11. Wickrama KA, Conger RD, Wallace LE, Elder GH Jr. The intergenerational transmission of health-risk behaviors: Adolescent lifestyles and gender moderating effects. J Health Soc Behav. 1999; 40:258–272. https://doi.org/10.2307/2676351 10513147

12. Defoe IN, Dubas JS, Figner B, van Aken MA. A meta-analysis on age differences in risky decision making: Adolescents versus children and adults. Psychol Bull. 2015; 141:48–84. https://dx.doi.org/10.1037/a0038088 25365761

13. Schulenberg JE, Maggs JL. A developmental perspective on alcohol use and heavy drinking during adolescence and the transition to young adulthood. J Stud Alcohol, Suppl. 2002; s14:54–70. https://doi.org/10.15288/jsas.2002.s14.54

14. Fromme K, Corbin WR, Kruse MI. Behavioral risks during the transition from high school to college. Dev Psychol. 2008; 44:1497–1504. http://dx.doi.org/10.1037/a0012614 18793080

15. Slutske WS, Hunt-Carter EE, Nabors-Oberg RE, Sher KJ, Bucholz KK, Madden PA, … Heath AC. Do college students drink more than their non-college-attending peers? Evidence from a population-based longitudinal female twin study. J Abnorm Psychol. 2004; 11:530–540. https://doi.org/10.1037/0021-843X.113.4.530

16. Willoughby T, Good M, Adachi PJ, Hamza C, Tavernier R. Examining the link between adolescent brain development and risk taking from a social–developmental perspective (reprinted). Brain Cognition. 2014; 89:70–78. https://doi.org/10.1016/j.bandc.2013.09.008 25113660

17. Odgers CL, Moffitt TE, Broadbent JM, Dickson N, Hancox RJ, Harrington H, … Caspi A. Female and male antisocial trajectories: From childhood origins to adult outcomes. Dev Psychopathol. 2008; 20:673–716. https://doi.org/10.1017/S0954579408000333 18423100

18. DuRant RH, Smith JA, Kreiter SR, Krowchuk DP. The relationship between early age of onset of initial substance use and engaging in multiple health risk behaviors among young adolescents. Arch Pediatr Adolesc Med. 1999; 153:286–291. https://doi.org/10.1001/archpedi.153.3.286 10086407

19. Bjork JM, Pardini DA. Who are those “risk-taking adolescents”? Individual differences in developmental neuroimaging research. Dev Cogn Neurosci. 2015; 11:56–64. https://doi.org/10.1016/j.dcn.2014.07.008 25176616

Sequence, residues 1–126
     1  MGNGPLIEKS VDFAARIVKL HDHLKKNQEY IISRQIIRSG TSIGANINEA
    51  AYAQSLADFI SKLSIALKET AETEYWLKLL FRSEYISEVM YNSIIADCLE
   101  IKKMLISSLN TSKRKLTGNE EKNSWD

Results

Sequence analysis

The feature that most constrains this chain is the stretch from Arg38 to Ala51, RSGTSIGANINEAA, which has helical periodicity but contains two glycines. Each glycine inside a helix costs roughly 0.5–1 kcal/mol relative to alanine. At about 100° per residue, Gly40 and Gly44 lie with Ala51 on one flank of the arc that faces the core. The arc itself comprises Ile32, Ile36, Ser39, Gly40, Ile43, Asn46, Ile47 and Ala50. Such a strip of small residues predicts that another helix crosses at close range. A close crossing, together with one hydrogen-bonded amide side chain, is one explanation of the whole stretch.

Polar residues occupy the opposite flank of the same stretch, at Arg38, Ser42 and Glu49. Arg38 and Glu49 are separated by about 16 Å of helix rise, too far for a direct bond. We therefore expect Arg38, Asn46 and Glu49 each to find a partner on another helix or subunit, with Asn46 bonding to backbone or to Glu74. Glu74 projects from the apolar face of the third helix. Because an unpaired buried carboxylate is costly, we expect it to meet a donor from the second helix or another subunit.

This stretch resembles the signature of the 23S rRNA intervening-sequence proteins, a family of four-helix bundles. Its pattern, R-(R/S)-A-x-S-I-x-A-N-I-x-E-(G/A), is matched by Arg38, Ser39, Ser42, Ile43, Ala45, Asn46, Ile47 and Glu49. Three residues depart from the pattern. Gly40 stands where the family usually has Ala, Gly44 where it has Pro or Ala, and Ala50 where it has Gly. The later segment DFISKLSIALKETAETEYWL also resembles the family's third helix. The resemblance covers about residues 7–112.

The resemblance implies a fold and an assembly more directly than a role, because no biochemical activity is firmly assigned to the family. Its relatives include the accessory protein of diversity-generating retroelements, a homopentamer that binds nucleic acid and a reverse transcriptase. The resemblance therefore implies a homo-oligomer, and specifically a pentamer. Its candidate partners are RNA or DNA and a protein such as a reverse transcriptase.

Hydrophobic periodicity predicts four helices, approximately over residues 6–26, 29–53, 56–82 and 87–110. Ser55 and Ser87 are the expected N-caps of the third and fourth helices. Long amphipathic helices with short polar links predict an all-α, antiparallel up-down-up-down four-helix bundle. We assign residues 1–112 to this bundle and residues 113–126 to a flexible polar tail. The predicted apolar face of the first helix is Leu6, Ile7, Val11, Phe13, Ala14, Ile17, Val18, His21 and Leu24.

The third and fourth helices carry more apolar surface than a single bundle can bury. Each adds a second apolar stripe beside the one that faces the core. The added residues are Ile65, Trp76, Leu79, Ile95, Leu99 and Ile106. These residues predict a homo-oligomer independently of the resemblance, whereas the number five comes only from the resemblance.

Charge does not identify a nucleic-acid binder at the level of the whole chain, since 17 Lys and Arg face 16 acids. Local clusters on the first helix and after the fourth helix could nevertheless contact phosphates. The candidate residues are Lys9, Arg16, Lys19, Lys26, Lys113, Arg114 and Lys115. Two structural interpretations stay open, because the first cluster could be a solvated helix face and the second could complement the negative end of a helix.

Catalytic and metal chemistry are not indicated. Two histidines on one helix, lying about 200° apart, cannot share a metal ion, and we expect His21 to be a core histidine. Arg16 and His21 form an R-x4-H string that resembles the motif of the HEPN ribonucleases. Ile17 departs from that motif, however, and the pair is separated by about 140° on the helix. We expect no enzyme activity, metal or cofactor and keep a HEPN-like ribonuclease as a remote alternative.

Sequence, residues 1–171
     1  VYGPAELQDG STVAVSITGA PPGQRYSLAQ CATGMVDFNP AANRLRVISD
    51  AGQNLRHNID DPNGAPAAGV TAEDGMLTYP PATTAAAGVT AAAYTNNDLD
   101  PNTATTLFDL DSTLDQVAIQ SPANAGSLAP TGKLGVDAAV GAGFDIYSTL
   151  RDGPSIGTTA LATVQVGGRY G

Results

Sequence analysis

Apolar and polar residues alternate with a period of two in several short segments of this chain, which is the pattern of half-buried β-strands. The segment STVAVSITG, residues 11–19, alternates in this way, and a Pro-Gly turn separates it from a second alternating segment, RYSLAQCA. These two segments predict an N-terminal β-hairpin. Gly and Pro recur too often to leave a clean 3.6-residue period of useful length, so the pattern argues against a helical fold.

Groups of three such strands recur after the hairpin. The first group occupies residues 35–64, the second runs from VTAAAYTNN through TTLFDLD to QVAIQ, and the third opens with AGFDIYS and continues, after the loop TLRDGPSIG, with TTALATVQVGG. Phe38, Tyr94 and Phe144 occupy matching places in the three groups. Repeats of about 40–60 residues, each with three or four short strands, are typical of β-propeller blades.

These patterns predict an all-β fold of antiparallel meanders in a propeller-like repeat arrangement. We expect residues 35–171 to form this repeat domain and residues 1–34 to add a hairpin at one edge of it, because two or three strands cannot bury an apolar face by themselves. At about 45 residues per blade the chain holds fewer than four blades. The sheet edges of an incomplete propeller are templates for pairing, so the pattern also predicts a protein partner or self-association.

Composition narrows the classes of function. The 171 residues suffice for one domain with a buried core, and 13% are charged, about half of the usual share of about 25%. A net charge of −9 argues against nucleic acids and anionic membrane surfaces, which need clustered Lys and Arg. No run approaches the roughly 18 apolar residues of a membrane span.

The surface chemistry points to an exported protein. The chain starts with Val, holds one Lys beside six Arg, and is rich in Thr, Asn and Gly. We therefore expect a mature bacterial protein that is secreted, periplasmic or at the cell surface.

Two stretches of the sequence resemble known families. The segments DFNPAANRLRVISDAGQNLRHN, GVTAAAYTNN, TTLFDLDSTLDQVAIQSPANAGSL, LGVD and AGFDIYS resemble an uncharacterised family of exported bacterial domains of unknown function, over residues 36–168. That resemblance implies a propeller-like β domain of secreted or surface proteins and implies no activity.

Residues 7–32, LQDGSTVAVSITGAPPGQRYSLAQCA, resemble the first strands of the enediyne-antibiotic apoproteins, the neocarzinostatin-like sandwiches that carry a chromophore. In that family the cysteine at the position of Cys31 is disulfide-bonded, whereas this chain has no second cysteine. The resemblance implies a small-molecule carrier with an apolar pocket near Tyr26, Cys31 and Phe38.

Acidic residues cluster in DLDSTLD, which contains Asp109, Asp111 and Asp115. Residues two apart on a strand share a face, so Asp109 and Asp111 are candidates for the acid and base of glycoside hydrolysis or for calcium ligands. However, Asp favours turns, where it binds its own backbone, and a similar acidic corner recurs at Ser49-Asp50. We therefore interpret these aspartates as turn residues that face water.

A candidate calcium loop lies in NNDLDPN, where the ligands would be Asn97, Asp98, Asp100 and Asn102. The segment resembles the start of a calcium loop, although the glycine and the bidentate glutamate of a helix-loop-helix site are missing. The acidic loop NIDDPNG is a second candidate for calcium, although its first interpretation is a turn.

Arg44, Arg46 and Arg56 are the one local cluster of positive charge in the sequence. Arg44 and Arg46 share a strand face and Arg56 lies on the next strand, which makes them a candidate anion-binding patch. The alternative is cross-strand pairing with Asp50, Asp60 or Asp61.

20. Hill KG, White HR, Chung IJ, Hawkins JD, Catalano RF. Early adult outcomes of adolescent binge drinking: person-and variable-centered analyses of binge drinking trajectories. Alcohol: Clin Exp Res. 2000; 24:892–901.

21. Latvala A, Rose RJ, Pulkkinen L, Dick DM, Korhonen T, Kaprio J. Drinking, smoking, and educational achievement: cross-lagged associations from adolescence to adulthood. Drug Alcohol Depend. 2014; 137:106–113. doi: 10.1016/j.drugalcdep.2014.01.016 24548801

22. Patrick ME, Schulenberg JE, O’Malley PM. High school substance use as a predictor of college attendance, completion, and dropout: A national multicohort longitudinal study. Youth Soc. 2016; 48:425–447. https://doi.org/10.1177%2F0044118X13508961 27134316

23. Staff J, Schulenberg JE, Maslowsky J, Bachman JG, O’Malley PM, Maggs JL, Johnston LD. Substance use changes and social role transitions: proximal developmental effects on ongoing trajectories from late adolescence through early adulthood. Dev Psychopathol. 2010; 22:917–32. https://doi.org/10.1017/S0954579410000544 20883590

24. Ashenhurst JR, Harden KP, Corbin WR, Fromme K. Trajectories of binge drinking and personality change across emerging adulthood. Psychol Add Behav. 2015; 29:978–991. https://doi.org/10.1037/adb0000116

25. Derefinko KJ, Charnigo RJ, Peters JR, Adams ZW, Milich R, Lynam DR. Substance use trajectories from early adolescence through the transition to college. J Stud Alcohol Drugs. 2016; 77:924–935. https://doi.org/10.15288/jsad.2016.77.924 27797694

26. Crosnoe R. The connection between academic failure and adolescent drinking in secondary school. Sociol Educ. 2006; 79:44–60. https://doi.org/10.1177/003804070607900103 20216913